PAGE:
Super Heroes like Superman as a role model you can relate to is something that only really resonates when you are a kid, its difficult for someone who isn't totally sheltered from the horrors of this world as it is to see Superman and go yes this is what I have to be, its more depressing attempting to relate to and identify identify with a standard that is beyond anything any human can accomplish, and in all honesty is incapable of even attempting.
I cannot speak on Starman as I haven't read any of those comics so I will cede that argument to you as I have no basis to debate on that point.
However although its a point I'm almost ashamed to make but, the Dark Knight movie shows him to be a very virtuous hero at the end when he assumes responsibility for all of Two Face's mayhem to save Gotham's image of Harvey Dent and its ability to believe in something greater, it was surprising to me how selfless he was in that act.

Duy said...

Thanks for the reply. I just want to clarify:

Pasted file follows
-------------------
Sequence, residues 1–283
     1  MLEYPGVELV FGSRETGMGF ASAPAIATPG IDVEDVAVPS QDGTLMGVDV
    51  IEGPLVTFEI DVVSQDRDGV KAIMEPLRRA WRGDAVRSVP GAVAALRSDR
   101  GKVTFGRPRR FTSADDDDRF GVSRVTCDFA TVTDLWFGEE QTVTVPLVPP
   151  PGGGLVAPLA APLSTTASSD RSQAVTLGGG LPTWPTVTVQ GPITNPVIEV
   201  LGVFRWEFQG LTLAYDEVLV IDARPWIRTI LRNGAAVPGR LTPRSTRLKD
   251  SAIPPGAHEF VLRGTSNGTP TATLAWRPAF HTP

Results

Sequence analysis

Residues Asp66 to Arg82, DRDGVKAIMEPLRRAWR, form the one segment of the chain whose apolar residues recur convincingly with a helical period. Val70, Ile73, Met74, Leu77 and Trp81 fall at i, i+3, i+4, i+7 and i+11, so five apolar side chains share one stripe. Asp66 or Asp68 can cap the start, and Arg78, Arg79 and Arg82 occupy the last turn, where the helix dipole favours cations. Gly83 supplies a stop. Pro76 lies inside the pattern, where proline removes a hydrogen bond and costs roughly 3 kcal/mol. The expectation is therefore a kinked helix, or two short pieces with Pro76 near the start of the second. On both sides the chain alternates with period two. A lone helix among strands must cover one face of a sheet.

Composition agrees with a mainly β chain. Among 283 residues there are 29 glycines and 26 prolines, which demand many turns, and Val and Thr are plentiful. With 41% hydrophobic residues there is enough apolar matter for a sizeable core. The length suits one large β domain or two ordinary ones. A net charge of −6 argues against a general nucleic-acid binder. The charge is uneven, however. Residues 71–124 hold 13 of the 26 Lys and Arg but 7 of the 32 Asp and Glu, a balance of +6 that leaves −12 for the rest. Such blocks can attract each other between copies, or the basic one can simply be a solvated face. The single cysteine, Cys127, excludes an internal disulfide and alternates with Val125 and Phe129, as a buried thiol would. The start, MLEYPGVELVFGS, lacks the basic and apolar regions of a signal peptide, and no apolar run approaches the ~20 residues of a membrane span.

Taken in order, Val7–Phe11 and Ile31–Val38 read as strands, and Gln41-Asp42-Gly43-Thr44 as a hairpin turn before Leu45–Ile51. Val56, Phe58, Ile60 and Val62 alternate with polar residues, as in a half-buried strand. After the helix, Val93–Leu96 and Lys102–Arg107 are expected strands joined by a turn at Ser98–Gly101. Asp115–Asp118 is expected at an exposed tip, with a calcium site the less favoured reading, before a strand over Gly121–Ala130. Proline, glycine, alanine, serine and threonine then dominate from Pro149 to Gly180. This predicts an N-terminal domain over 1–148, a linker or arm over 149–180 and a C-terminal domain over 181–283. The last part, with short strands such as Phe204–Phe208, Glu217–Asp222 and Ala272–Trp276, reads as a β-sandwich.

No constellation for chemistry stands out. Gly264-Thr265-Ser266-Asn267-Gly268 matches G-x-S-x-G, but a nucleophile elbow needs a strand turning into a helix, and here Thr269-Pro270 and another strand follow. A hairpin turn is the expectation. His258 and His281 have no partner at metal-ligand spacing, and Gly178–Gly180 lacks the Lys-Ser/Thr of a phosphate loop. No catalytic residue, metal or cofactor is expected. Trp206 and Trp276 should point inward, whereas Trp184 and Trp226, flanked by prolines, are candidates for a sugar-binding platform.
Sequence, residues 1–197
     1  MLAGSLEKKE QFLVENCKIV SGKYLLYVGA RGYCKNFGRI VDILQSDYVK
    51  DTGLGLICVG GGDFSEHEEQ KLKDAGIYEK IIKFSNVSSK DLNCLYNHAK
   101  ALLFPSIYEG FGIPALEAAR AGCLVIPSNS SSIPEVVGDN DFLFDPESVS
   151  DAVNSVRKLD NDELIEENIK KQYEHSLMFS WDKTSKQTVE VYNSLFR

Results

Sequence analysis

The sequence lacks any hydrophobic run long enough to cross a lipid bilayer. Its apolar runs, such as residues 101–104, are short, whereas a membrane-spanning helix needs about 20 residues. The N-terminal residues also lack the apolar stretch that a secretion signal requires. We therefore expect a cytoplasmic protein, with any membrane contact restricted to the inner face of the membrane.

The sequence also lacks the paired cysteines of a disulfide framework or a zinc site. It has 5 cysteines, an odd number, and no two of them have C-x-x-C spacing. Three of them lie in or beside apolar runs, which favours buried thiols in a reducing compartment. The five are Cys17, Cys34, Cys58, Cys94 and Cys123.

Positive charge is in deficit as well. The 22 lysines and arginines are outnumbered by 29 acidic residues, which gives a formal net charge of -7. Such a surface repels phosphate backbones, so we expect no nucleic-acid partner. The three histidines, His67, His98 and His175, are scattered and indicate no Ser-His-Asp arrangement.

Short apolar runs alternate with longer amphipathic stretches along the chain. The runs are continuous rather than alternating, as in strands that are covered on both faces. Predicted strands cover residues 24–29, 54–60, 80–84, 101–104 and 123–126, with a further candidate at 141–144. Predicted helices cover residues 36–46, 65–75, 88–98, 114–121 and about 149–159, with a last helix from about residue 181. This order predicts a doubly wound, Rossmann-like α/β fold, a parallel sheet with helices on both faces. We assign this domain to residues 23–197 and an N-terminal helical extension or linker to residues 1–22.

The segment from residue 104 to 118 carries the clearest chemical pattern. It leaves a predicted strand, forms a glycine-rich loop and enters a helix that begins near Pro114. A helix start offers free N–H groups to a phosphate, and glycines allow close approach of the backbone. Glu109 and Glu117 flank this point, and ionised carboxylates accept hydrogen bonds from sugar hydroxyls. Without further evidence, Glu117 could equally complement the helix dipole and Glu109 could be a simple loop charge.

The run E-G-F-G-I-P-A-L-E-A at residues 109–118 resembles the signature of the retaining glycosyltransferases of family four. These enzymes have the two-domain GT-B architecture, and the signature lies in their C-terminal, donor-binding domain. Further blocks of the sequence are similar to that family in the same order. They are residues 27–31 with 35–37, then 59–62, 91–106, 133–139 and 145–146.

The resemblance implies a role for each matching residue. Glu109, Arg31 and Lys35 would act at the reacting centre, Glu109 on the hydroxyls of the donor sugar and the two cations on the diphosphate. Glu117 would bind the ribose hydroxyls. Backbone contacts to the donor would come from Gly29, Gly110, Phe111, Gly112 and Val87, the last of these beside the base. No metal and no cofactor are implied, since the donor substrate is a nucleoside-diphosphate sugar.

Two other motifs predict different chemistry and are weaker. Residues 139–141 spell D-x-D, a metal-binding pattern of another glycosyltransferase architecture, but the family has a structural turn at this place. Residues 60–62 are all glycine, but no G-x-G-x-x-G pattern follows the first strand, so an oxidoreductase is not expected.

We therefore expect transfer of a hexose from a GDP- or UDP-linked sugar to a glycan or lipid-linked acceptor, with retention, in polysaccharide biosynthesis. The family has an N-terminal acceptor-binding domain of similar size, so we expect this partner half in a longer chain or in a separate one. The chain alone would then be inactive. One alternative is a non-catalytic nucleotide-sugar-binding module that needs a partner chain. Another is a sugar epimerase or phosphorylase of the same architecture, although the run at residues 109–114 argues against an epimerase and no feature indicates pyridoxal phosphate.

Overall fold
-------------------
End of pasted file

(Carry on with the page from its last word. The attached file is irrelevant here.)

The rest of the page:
1) The point I was trying to make is that Batman is NOT relatable (though I admit it didn't come off that way, as most of my posts are rants rather than well-formulated ideas); it's that it's ridiculous to say he's relatable SPECIFICALLY BECAUSE he has no powers. That, to me, ignores the hundreds of superheroes with no powers at all,and also ignores the fact that some superheroes who do have superpowers who is more relatable. I know that I relate more to Spider-Man, who also suffered a tragedy in his life, because of the way he uses humor as a defense mechanism and his bad luck with girls when he was in high school (I am referring to early, quintessential Spider-Man and not Peter "I'm married to a supermodel" Parker) rather than withdrawn Bruce Wayne with the obsession. I really do think there is very little to relate to when it comes to a rich boy who dresses up in a bat suit - to say he's relatable because he has no powers is ridiculous. He's relatable because of his ability to overcome (or dwell on, depending on how you look at it) tragedy.